The use of infrared thermography for the identification of lameness in cattle has increased in recent years largely because of its non-invasive properties, ease of automation and continued cost reductions. Thermography can be used to identify and determine thermal abnormalities in animals by characterizing an increase or decrease in the surface temperature of their skin. The variation in superficial thermal patterns resulting from changes in blood flow in particular can be used to detect inflammation or injury associated with conditions such as foot lesions. Thermography has been used not only as a diagnostic tool, but also to evaluate routine farm management. Since 2000, 14 peer reviewed papers which discuss the assessment of thermography to identify and manage lameness in cattle have been published. There was a large difference in thermography performance in these reported studies. However, thermography was demonstrated to have utility for the detection of contralateral temperature difference and maximum foot temperature on areas of interest. Also apparent in these publications was that a controlled environment is an important issue that should be considered before image scanning.
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http://dx.doi.org/10.3390/s150614513DOI Listing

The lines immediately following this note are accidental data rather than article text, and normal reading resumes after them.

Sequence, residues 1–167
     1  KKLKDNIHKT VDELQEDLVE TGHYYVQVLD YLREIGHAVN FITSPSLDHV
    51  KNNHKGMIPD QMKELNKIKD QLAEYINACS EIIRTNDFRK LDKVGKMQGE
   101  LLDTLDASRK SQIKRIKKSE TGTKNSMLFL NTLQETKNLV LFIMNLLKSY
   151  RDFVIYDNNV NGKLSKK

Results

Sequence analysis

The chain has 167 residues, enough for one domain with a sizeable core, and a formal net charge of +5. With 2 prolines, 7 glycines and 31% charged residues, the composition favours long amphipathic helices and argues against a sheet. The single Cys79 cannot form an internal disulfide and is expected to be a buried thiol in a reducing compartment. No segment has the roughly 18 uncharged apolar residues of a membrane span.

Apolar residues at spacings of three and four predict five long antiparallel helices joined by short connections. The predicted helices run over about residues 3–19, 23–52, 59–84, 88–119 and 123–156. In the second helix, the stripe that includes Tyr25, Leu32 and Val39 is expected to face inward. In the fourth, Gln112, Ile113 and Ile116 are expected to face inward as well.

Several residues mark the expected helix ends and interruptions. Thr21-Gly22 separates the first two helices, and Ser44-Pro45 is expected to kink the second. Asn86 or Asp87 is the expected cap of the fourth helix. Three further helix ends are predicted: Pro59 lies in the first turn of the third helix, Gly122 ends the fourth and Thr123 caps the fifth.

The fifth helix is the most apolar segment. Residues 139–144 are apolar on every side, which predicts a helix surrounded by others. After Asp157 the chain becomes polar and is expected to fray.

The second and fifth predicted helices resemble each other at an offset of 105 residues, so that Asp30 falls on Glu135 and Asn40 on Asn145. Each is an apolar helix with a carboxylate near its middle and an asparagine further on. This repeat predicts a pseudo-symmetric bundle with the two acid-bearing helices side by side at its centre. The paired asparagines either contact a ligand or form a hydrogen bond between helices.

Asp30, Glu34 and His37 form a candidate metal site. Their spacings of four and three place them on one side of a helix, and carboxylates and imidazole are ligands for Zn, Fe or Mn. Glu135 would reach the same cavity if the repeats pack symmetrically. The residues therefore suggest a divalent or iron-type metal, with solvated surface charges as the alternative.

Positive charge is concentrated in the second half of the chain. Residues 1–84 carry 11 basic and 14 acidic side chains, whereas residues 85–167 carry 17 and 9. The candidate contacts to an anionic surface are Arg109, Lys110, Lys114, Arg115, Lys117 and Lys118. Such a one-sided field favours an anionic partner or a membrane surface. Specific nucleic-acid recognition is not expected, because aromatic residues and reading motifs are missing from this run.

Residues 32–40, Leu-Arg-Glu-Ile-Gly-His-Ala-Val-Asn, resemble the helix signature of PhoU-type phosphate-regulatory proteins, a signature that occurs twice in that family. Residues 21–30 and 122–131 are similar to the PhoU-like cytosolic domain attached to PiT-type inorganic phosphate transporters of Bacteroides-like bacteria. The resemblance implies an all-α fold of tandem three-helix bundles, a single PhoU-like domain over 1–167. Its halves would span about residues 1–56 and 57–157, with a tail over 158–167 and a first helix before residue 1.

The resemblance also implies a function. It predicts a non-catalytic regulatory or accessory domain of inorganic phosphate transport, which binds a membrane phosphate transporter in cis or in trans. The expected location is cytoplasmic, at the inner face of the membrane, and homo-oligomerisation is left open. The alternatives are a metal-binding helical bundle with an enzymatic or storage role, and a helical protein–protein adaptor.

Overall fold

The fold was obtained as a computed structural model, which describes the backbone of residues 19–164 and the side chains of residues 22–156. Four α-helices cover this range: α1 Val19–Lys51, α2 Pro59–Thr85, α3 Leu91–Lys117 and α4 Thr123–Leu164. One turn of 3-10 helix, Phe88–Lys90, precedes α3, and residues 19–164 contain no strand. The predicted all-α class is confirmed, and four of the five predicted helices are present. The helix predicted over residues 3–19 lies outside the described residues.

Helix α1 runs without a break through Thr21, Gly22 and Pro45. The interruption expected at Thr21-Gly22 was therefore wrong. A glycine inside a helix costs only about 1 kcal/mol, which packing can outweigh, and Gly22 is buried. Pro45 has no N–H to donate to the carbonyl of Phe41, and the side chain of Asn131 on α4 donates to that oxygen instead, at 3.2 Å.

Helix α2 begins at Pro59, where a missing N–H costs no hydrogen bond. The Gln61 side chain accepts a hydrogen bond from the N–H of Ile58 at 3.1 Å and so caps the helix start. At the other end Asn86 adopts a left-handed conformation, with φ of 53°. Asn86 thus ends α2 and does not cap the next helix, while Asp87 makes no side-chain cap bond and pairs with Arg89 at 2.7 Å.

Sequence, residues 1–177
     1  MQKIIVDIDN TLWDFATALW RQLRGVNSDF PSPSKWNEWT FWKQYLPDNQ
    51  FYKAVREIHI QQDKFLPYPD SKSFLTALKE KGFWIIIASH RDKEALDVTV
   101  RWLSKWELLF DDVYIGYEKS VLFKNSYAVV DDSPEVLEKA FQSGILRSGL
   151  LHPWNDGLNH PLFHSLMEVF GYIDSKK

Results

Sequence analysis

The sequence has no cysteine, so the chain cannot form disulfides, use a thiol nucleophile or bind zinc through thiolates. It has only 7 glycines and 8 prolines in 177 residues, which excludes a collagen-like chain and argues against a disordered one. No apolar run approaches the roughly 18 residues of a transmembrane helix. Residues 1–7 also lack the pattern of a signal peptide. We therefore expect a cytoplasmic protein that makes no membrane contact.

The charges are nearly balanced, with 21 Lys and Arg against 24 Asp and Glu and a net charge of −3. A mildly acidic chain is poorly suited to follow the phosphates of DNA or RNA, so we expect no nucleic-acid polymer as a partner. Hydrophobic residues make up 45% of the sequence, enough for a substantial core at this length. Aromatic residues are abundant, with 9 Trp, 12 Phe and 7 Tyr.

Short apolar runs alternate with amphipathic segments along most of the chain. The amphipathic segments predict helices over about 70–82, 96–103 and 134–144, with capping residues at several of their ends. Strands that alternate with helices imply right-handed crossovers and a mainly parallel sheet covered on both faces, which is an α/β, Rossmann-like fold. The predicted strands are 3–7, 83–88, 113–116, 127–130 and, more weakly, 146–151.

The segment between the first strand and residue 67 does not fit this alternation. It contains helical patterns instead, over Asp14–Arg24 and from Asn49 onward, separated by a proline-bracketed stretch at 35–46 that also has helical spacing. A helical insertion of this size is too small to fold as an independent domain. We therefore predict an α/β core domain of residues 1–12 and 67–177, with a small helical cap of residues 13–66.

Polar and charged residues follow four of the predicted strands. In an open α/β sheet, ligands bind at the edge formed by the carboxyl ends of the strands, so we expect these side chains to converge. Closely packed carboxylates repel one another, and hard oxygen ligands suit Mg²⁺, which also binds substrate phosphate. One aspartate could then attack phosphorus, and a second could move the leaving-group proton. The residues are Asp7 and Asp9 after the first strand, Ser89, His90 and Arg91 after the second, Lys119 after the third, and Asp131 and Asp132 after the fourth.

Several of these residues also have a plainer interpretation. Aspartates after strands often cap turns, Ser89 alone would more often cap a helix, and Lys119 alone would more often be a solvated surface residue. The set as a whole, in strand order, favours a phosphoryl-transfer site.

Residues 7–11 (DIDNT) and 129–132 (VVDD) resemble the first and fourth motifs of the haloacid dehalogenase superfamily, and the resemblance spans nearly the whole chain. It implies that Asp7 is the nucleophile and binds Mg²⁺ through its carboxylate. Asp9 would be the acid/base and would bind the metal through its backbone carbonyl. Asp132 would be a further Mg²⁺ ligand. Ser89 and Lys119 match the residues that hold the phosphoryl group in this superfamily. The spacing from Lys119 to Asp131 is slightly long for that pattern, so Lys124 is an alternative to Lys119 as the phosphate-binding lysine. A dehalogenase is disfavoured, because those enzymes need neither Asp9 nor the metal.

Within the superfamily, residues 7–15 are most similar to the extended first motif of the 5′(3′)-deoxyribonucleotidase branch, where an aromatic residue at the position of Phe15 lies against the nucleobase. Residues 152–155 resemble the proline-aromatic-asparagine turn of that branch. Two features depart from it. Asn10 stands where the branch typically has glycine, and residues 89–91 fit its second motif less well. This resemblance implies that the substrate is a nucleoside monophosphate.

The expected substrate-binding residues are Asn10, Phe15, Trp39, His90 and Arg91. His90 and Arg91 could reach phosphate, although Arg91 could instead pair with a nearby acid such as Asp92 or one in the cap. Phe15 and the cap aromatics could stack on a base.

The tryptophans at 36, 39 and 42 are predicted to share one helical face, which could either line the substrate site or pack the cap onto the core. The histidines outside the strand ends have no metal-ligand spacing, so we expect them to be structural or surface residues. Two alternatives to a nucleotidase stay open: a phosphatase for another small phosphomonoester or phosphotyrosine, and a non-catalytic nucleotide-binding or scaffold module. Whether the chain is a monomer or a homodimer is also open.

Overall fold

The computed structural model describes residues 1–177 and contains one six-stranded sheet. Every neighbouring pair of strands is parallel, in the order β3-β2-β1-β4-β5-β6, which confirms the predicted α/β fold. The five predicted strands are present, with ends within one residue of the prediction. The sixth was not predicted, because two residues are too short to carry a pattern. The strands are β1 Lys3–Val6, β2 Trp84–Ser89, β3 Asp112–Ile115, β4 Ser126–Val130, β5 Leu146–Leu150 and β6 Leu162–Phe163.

http://www.ncbi.nlm.nih.gov/pmc/articles/PMC4507600PMC
June 2015

Experience with the delegation of anaesthesia for disbudding and castration to trained and certified livestock owners.

BMC Vet Res 2014 Feb 4;10:35. Epub 2014 Feb 4.

Clinic for Ruminants, Vetsuisse Faculty, University of Berne, Berne 3012, Switzerland.

Background: Anaesthesia is mandatory for disbudding and castrating calves and lambs of any age, in Switzerland. According to the "anaesthesia delegation model" (ADM), anaesthesia for disbudding calves <3 weeks of age and castrating calves and lambs <2 weeks of age may be administered by certified farmers. Experience with this unique model is not available. The aim was to evaluate the experience of the veterinary practitioners with the ADM. The response rate was 42%. The survey consisted of one questionnaire for each procedure. Procedure I was the delegation of anaesthesia for disbudding calves and procedures II and III were anaesthesia for castrating calves and lambs.

Results: Procedure I was performed with local anaesthesia in all farms of 51.8% of the veterinary practices, while this was only 39.3% and 7.6% for procedures II and III (p < 0.001). Anaesthesia for procedure I was administered technically correctly by farmers in at least 66% of the farms of 58.3% of the practitioners, while this was 45.4% and only 23.6% for procedures II and III (p < 0.001). The ADM was assessed as a moderate to very good model to reinforce the legal obligations for procedures I, II, or III by 74.8%, 76.5% and 62.0% of the veterinary practitioners (p < 0.005).

Conclusions: The delegation of anaesthesia to certified farmers may be a promising model to reinforce the obligation to provide local anaesthesia for disbudding and castrating calves, but to a lesser extent for castrating lambs.
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http://dx.doi.org/10.1186/1746-6148-10-35DOI Listing
http://www.ncbi.nlm.nih.gov/pmc/articles/PMC3922627PMC
February 2014